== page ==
A head and shoulders base has been forming over the last three months with the left shoulder in December, the head in late February and the right shoulder last week with support coming in at a higher low near $1.4050. At the head of the pattern, the low was not confirmed by the RSI, a sign of fading downward momentum. Since then, the RSI has been indicating momentum turning upward. The falling neckline of the pattern tends to generally be viewed as a bullish sign by traders as well.
The strong bounce up off a higher low near $1.4040 toward $1.4150 and then on toward $1.4270 indicates renewed accumulation. Next potential upside tests appears near $1.4315 a 23% Fibonacci retracement of the previous downtrend, then downtrend resistance near $1.4480, the $1.4500 round number and the 38% retracement level near $1.4620.
Cable was driven downward for two main reasons both of which now appear to have been overplayed and overdone for now.
UK monetary policy relative to the US drove much of the declines in 2015 into the left shoulder and some of the decline in January. The Bank of England had been expected for a long time to start raising interest rates about the same time as the US Federal Reserve Board. As the Fed moved toward its December rate hike and the Bank of England backed off, sending cable lower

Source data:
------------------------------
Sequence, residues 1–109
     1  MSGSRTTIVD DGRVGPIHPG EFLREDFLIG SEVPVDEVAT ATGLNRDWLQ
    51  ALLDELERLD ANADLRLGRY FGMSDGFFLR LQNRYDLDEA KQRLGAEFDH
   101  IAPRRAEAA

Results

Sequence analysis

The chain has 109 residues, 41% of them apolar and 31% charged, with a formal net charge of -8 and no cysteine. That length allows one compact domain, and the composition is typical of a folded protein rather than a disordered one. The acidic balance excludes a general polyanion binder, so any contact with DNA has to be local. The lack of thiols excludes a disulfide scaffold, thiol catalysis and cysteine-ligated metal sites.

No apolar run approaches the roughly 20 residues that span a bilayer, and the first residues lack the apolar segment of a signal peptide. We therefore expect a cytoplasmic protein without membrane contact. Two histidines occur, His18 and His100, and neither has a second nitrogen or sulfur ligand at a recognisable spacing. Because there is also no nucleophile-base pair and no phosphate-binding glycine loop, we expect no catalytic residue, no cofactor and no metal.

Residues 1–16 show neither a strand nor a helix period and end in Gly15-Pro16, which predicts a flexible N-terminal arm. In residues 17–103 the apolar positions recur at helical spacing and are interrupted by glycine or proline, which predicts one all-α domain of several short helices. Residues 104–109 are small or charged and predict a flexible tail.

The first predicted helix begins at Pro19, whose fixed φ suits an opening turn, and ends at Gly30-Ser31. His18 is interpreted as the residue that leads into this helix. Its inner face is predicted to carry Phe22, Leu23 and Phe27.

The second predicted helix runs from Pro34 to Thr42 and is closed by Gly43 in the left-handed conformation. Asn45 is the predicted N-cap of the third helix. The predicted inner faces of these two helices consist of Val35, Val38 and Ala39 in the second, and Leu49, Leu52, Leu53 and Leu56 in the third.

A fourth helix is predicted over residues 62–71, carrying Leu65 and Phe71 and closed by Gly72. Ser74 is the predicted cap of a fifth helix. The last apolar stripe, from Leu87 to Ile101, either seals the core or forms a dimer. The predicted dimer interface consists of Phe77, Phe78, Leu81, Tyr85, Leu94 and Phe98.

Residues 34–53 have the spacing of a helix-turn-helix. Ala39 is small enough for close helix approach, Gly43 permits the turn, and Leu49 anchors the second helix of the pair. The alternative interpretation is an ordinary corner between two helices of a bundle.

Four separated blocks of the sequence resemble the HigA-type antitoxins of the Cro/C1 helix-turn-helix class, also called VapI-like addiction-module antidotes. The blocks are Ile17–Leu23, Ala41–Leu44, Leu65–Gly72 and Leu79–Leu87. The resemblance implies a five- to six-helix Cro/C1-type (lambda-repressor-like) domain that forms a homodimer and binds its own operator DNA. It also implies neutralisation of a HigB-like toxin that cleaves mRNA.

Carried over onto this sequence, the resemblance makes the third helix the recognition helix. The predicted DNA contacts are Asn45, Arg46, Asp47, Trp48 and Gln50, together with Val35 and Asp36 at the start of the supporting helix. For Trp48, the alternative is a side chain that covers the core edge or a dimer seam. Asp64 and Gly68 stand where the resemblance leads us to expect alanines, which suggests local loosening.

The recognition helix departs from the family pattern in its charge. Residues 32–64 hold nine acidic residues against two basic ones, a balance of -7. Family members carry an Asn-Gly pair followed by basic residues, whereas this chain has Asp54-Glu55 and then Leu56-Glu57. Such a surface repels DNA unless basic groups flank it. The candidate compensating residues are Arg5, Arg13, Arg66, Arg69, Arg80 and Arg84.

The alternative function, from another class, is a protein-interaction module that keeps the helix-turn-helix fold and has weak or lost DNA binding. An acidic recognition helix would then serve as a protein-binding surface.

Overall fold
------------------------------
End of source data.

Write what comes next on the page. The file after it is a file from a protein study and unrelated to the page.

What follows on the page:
This divergence in policy appears to be narrowing again which could support a GBP recovery. The Bank of England may not be in a position to raise rates but there has been enough positive UK data to give it no reason to cut rates either, leaving it stuck in neutral. Meanwhile, the Fed didn’t raise rates in March and sent enough dovish signals to suggest its next rate hike may not come until June at least, making it less hawkish than before.
Brexit fears also have been overhanging GBP over the last month. The announcement of the EU deal, followed by the setting of a vote date and politicians taking sides crystallized in traders’ minds that the vote is really happening and drove the pair down to the head near $1.3825.
In recent days, uncertainty over budget measures, cabinet resignations and the impact of terrorism in Europe on the vote drove GBP down again but not as far this time. A higher low suggests that uncertainty over a close Brexit vote and the potential for victory by the Leave side has been priced in. With the vote still nearly three months away, anything can happen. While the pair may remain choppy over the next several months and could be volatile in the days around the vote results, for now, the pressure on Sterling appears to be fading, potentially setting the stage for a trading bounce.